Selena Gomez is as big a star as can be: a world-famous, multitalented industry unto herself. She’s a couple years shy of thirty, yet her accomplishments have already put scores of showbiz lifers to shame: Millions in record sales. Two world tours of sold-out stadiums. More than a hundred film and TV credits, dating back to when she was just some sweet-faced kid from Grand Prairie, palling around with Barney & Friends.
Gomez has excelled at everything she’s ever set her mind to; she even managed to turn an experiment with quarantine home cooking into a three-seasons-and-counting hit series for HBO Max.
But is the world finally ready to see Gomez as an actor?
This sounds like a ridiculous question for someone who’s as established and beloved as Selena Gomez—and on that last note, I swear to her loyal, occasionally terrifying fan base that I ask it in good faith. Because the fact remains that Gomez, despite being on-screen since she was ten, has yet to fully make that transition from a pop star who’s sometimes in movies or TV (see also: Britney Spears, Kelly Clarkson) to an actor whose music career feels separate, almost incidental. But by all appearances, this is about to change.
Earlier this week, Hulu released the first trailer for the upcoming dramedy series Only Murders in the Building, premiering August 31, that stars the unlikely comedy team of Gomez, Steve Martin, and Martin Short. The three play a trio of neighbors who become obsessed with solving a homicide inside their tony Manhattan apartment building, using the skills they’ve gleaned from true-crime podcasts to ferret out the killer.
Steve Martin and Martin Short are, of course, a classic pairing, with an easy give-and-take honed over decades, including in movies like Three Amigos and Father of the Bride. Gomez is the real unknown quantity here, forced to hold her own against the comedy equivalent of tenured professors.
The trailer’s just over a minute long, but it already tells you plenty about whether Gomez can pull it off. While Martin and Short dominate the clip with talky voiceovers, it’s Gomez to whom you’re instinctively drawn. She’s an enigma wrapped in a posh turtleneck. We get only a few flashes of her character’s inner world—Gomez bolting upright from a bad dream; Gomez wrestling someone to the ground as her face twists into vengeful anger—but already you can sense that there’s a lot of torment and rage bubbling beneath her cool, glamorous surface.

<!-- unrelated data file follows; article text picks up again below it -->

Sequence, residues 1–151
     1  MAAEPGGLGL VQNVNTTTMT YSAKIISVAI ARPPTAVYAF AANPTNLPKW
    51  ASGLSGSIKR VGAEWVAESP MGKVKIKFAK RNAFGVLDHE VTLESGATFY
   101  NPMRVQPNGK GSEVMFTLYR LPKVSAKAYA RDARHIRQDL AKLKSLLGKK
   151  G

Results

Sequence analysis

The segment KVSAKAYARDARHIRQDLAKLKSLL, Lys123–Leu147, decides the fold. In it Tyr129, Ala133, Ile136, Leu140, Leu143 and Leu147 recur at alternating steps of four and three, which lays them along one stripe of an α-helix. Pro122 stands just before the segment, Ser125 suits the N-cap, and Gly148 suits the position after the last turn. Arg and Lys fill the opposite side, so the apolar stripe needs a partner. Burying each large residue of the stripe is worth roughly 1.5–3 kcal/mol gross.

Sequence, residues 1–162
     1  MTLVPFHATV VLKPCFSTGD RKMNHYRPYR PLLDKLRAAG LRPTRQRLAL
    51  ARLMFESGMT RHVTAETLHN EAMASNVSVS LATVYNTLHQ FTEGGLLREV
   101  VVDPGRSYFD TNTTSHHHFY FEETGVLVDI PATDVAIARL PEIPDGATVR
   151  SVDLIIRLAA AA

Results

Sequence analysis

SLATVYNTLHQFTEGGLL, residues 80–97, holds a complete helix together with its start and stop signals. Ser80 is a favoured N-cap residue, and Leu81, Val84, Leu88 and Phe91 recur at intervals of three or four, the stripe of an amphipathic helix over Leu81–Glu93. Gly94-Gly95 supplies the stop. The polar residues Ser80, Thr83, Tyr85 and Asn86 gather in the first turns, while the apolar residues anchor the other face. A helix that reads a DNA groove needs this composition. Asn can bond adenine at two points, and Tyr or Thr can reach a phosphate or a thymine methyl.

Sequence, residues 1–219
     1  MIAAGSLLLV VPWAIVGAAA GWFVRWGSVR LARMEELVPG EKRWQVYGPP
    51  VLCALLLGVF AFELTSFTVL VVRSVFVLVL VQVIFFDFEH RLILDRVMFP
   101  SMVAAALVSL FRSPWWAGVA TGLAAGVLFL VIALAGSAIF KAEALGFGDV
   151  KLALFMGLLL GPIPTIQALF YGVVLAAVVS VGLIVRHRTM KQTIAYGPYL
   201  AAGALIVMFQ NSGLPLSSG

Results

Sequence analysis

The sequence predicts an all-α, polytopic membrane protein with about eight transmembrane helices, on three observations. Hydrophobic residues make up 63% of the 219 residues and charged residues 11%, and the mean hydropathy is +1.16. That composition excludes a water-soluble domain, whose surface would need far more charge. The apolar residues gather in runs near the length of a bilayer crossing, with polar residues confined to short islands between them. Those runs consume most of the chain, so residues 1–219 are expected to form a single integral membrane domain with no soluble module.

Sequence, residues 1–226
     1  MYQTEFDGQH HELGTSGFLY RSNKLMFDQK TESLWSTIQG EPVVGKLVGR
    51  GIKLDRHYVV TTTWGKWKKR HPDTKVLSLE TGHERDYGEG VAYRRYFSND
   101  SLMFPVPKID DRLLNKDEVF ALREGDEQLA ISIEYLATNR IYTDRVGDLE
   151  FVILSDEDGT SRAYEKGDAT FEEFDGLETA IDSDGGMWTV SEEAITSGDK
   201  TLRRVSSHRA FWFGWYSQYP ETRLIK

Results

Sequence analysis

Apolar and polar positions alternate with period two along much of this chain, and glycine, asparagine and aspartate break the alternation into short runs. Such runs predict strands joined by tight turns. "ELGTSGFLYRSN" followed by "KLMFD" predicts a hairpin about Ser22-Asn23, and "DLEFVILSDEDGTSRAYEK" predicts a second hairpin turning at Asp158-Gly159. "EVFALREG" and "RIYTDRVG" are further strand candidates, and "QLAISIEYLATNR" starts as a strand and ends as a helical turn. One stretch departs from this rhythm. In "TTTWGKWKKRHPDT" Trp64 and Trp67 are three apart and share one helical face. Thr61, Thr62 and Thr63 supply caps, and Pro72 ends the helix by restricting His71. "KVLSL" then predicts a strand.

Gomez even gets a solid emotional beat, as she confesses of the unfolding murder mystery: “I can’t tell if I want it to be nothing or for it to be something.” And yes, she can also do comedy. She gets the trailer’s parting punch line, giving Steve Martin some light guff over his self-avowed “charm.”
Perhaps none of this should be considered remarkable for someone as skilled or experienced as Gomez. But it’s bound to be hailed as a revelation anyway. The same goes for her upcoming starring turns in the psychological thrillers Dollhouse and Spiral, and a biopic about the pioneering mountaineer Silvia Vasquez-Lavado. After nearly twenty years on screen, Selena Gomez is suddenly diving into acting with a commitment that’s truly unprecedented in her career. It’s something her past work hasn’t exactly prepared us for.
After all, we’re more used to hearing Gomez on screen, rather than seeing her. The biggest titles in Gomez’s filmography have been primarily voiceover roles—like Dracula’s daydreaming daughter in the blockbuster animated franchise Hotel Transylvania, where she provides the emotional through line to a series of monster-related goofs. Or 2020’s Dolittle, where Gomez plays the gregarious giraffe Betsy (although you’d be forgiven for missing her among the film’s celebrity-studded, CGI menagerie).